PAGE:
Quincas Borba

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Oxford University Press, Apr 29, 1999 - Fiction - 320 pages
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Along with The Posthumous Memoirs of Brás Cubas and Dom Casmurro, Quincas Borba is one of Machado de Assis' major works and indeed one of the major works of nineteenth century fiction. With his uncannily postmodern sensibility, his delicious wit, and his keen insight into the political and social complexities of the Brazilian Empire, Machado opens a fascinating world to English speaking readers. When the mad philosopher Quincas Borba dies, he leaves to his friend Rubião the entirety of his wealth and property, with a single stipulation: Rubião must take care of Quincas Borba's dog, who is also named Quincas Borba, and who may indeed have assumed the soul of the dead philosopher. Flush with his newfound wealth, Rubião heads for Rio de Janeiro and plunges headlong into a world where fantasy and reality become increasingly difficult to keep separate. Brilliantly translated by Gregory Rabassa, Quincas Borba is a masterful satire not only on life in Imperial Brazil but the human condition itself.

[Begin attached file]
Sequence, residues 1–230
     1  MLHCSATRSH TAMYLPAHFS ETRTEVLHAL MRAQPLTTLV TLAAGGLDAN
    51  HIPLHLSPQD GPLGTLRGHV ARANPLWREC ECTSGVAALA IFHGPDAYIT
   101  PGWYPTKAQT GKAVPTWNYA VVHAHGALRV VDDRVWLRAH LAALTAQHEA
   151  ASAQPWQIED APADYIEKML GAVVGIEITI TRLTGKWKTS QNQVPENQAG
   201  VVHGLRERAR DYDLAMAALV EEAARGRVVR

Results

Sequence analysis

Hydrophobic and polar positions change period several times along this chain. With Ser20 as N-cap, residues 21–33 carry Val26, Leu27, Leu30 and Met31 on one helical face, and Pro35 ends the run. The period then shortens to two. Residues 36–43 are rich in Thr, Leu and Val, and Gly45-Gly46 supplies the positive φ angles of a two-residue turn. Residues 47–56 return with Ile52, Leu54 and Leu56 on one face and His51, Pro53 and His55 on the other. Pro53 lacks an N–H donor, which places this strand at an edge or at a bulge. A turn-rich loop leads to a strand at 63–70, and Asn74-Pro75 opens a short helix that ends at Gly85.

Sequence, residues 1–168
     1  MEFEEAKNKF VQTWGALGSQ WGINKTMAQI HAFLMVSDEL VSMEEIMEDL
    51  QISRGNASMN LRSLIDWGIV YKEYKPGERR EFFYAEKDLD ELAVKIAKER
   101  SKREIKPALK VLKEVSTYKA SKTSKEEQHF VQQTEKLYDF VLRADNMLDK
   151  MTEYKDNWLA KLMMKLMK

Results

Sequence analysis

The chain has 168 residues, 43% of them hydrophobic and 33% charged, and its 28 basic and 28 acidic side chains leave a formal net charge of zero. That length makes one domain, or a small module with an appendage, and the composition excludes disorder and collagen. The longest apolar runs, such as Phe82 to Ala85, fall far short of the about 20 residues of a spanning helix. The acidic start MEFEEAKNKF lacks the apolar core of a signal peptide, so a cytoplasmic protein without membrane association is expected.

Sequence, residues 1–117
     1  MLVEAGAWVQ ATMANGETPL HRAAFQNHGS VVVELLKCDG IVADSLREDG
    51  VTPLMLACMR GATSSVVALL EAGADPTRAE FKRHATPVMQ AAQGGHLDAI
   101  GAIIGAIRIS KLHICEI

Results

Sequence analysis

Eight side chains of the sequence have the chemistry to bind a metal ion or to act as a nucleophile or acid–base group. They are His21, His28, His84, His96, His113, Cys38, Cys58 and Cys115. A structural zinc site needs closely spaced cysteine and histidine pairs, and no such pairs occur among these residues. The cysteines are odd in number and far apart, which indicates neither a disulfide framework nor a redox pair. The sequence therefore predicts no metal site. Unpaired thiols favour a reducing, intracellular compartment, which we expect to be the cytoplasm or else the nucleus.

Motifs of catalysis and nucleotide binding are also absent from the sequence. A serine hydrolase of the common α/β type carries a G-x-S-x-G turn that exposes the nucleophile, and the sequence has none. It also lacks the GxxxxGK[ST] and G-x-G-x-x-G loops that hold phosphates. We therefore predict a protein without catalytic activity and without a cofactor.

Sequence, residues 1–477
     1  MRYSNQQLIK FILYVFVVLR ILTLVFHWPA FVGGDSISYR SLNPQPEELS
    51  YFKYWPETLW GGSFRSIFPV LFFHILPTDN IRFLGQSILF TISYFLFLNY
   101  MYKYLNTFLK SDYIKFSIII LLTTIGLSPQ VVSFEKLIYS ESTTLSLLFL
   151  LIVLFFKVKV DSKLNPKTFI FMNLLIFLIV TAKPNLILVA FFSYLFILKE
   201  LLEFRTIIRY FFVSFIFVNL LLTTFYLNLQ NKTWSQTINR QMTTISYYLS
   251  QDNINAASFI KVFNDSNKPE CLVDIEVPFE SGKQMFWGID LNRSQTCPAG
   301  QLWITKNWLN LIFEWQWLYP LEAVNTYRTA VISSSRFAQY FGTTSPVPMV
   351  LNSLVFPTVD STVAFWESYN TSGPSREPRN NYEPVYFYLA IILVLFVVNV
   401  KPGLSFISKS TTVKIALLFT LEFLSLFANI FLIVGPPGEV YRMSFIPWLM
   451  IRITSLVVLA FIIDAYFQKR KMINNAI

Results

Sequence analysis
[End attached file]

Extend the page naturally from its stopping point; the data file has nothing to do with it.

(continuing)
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Quincas Borba

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Machado de Assis's 1891 novel is one of four new volumes in Oxford's "Library of Latin America." The plot follows protagonist Rubiao, who moves from the country to Rio de Janeiro along with his dog ... Read full review

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Page x - Culture and Nation in Iberoamerica," organized by the editorial board of the Library of Latin America. We received substantial institutional support and personal encouragement from the Institute of Latin American Studies of the University of Texas at Austin. The support of Edward Barry of Oxford University Press has been crucial, as has the advice and help of Ellen Chodosh of Oxford University Press. The first volumes of the series were published after the untimely death, on July 3,1997, of Maria...
Page xiii - There are more things on heaven and earth, Horatio, than are dreamt of in your philosophy' (Shakespeare, in Alexander 1951: 166).
Page xi - Assis (1839-1908) is the greatest nineteenth-century novelist of Latin America and one of the most remarkable literary talents to appear in the Americas as a whole.

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About the author (1999)

Gregory Rabassa is the preeminent American translator of Spanish and Portuguese, whose works include One Hundred Years of Solitude and The Posthumous Memoirs of Brás Cubas. Celso Favaretto teaches at the University of São Paulo. David T. Haberly teaches at the University of Virginia.

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